A leading figure in the Civil Rights movement and an intimate friend of Martin Luther King, Jr. describes his own life, the murder of King, and his continuing struggle for freedom, dignity, and human rights.
A Twenty Year Retrospective : Proceedings Twentieth Annual Conference, April 1992
Author: National Center for the Study of Collective Bargaining in Higher Education and the Professions (U.S.). Conference
Category: Collective bargaining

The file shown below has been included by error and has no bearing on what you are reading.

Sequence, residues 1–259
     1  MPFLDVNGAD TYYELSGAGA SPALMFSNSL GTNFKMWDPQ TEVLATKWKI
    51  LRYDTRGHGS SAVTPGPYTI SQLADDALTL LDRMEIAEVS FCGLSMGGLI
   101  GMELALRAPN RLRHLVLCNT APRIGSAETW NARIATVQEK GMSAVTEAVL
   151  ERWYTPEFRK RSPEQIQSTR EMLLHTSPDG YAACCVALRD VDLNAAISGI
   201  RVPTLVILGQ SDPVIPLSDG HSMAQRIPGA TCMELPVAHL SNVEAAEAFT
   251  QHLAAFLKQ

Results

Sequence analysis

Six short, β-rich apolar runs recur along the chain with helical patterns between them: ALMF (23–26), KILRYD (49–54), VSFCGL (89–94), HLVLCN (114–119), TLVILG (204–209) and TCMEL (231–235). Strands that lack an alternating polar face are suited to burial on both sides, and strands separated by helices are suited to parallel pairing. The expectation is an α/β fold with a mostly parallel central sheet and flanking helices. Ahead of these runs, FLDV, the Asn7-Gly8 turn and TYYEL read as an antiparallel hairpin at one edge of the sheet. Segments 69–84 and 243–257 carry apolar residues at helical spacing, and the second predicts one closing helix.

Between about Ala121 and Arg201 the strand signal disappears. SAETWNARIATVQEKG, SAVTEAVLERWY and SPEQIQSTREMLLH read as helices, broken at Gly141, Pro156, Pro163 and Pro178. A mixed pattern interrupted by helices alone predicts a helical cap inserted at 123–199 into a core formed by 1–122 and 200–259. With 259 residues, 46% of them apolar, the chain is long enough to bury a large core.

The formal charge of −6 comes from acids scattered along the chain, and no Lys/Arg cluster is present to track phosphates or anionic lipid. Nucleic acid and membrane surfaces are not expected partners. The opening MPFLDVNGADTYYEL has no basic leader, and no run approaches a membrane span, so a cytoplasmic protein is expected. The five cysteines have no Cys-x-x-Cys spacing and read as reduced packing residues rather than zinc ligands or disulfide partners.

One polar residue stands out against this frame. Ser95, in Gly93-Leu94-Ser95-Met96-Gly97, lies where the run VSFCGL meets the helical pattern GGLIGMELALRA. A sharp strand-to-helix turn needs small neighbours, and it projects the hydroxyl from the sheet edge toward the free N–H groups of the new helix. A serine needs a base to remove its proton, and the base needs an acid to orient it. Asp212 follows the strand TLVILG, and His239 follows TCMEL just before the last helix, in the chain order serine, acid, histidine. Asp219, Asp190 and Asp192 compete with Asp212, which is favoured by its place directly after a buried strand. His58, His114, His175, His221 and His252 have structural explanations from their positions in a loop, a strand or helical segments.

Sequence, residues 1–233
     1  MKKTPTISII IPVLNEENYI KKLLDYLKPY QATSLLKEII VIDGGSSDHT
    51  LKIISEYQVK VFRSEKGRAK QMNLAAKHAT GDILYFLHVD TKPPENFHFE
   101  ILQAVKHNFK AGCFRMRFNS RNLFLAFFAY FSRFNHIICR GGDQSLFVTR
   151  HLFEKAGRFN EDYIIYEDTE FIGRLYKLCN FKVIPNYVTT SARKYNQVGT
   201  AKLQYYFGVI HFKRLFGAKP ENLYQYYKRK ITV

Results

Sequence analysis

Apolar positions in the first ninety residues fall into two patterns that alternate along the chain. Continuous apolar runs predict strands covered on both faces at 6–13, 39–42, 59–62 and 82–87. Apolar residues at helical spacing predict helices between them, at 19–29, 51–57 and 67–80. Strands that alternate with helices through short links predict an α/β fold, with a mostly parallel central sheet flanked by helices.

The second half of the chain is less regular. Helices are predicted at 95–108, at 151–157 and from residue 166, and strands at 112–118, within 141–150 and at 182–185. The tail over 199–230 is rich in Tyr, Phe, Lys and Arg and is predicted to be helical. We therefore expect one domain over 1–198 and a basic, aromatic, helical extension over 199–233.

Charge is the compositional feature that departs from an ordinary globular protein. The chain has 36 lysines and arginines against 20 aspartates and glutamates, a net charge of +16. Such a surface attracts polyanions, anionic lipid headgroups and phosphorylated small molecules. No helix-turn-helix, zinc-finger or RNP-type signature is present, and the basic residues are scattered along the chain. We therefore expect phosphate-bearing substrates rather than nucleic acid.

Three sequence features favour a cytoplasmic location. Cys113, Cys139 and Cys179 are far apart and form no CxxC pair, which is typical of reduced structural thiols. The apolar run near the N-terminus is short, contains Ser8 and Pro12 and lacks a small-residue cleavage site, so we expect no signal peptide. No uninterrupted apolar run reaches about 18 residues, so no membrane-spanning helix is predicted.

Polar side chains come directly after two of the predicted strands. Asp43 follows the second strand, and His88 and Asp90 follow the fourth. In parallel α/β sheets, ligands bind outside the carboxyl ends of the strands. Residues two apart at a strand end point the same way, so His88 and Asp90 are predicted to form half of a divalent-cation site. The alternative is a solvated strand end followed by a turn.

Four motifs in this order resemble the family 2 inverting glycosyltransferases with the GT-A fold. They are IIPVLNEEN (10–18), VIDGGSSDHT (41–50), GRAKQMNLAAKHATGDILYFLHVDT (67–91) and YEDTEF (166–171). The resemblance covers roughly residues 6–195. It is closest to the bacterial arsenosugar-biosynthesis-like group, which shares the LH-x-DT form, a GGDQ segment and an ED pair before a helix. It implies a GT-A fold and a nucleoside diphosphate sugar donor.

This publication contains 17 papers on the impact of collective bargaining on higher education over the past 20 years. The papers are grouped in four sections on the state of unions in higher education, individual and collective rights in the academy, bargaining in the trenches, and overviews of past and present legal issues. The papers are: (1) "Robust Unionism and Unions in Higher Education" by Arthur B. Shostak; (2) "Can Collective Bargaining Help Institutions During a Period of Constrained Resources?" by T. Edward Hollander; (3) "Is Unionization Compatible with Professionalism?" by David M. Rabban; (4) "Changes in the U.S. System of Industrial Relations: Its Impact on Collective Bargaining in Higher Education" by James P. Begin; (5) "Unions in a Battered Academy" by Irwin H. Polishook; (6) "The Impact of the Constitutionalization of Higher Education on Collective Bargaining: Individual Rights vs. Collective Action" by David H. Rosenbloom; (7) "Professional and Legal Limits to Academic Freedom" by Walter P. Metzger; (8) "Academic Freedom: Are There Permissive Parameters to Free Speech in the Academy?" by Timothy Healy; (9) "Peer Review and the Union: Hero or Hostage?" by Barbara A. Lee; (10) "When Collective Bargaining Fails: An Academic Perspective" by David Kuechle; (11) "When Collective Bargaining Fails: A Management Perspective" by Thomas M. Mannix; (12) "Collective Bargaining Is the Name of the Game" by David Newton; (13) "Dispute Resolution in Higher Education Collective Bargaining" by Norman G. Swenson; (14) "The Employee Health Care Cost Crisis" by Michael R. McGarvey; (15) "Seminal Legal Developments of the Past Twenty-Five Years Affecting Higher Education Collective Bargaining" by Ann H. Franke; (16) "Twenty-Five Years of Seminal Legal Developments in Higher Education Collective Bargaining" by Woodley B. Osborne; and (17) "Campus Bargaining and The Law: The Annual Update" by James Cowden. (JB).